Carménère grapevines are very similar to Merlot grapevines, which is why questions regarding their relationship have arisen and why they are often confused with each other. There are definite distinguishing characteristics however: Carménère grapevines differ from those of the Merlot in that their leaves have a light red tinge to them, and the grapes ripen about three weeks later. The Carménère also has a more pronounced flavour than the Merlot and produces the most heavy-bodied red wines, following Cabernet Franc and Cabernet Sauvignon.
The Bouquet of Carménère Wines
Carménères are generally pleasant and easy to drink. They are characterised by a low tannin content, their dark red colour, and a diverse palate consisting of berry, chocolate, leather and tobacco notes. Carménère is usually used for varietal wines, and maturing them in barriques leads to very fine, complex wines.
Carménère – A Chilean Success Story
The Carménère vine has experienced significant success in Chile, where it has been grown since the middle of the 19th century. Due to its similarities with the Merlot grapevine, the Carménères imported from France were often unintentionally planted in polyculture. After the Carménère was almost completely destroyed by the phylloxera plague in Europe, its name almost sank into oblivion in Chile, and the vines were simply viewed as variations of Merlot. Due to its geographical distance, Chile was spared the devastation of the phylloxera plague, and so the Carménère survived almost undiscovered. The difference in flavour between the Merlot wines from Chile and those of other countries was, however, conspicuous. A French ampelographer was finally able to shed some light on the mystery in 1994, when he identified the 'Chilean Merlot' as Carménère grapevines with a DNA analysis.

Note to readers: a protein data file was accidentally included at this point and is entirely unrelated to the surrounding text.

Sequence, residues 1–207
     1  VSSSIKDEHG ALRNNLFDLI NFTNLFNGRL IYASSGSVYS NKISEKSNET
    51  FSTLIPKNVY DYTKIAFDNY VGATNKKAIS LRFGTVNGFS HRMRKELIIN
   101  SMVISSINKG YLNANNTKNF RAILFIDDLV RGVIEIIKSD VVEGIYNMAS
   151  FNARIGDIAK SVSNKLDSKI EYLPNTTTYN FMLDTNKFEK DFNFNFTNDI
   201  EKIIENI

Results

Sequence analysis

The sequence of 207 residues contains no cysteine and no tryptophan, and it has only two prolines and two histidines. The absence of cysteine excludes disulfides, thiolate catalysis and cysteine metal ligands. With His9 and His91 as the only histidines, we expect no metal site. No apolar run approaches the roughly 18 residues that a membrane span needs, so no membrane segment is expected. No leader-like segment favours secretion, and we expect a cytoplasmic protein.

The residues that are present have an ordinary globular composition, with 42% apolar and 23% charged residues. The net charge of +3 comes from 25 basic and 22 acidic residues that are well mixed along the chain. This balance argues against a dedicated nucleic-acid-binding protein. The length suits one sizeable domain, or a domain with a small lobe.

Chilean vintners recognised the potential of being able to be the exclusive source of Carménère wines. They increased cultivation of the Carménère grapevines, and in 1996 the Carmen Winery produced the first varietal wine. In the meanwhile, Carménère grapevines cover over 7200 hectares in Chile, and almost 30 % of Carménère wines from Chile are classed as high-quality. Most Carménère wines in the lower price segment are blends.And the Carménère grapevine is also becoming increasingly important in Europe again. Northern Italy, for example, now also produces good varietal Carménère wines, and the ‘Vini del Piave Carménère’ represents the first Carménère wine to be awarded DOC status.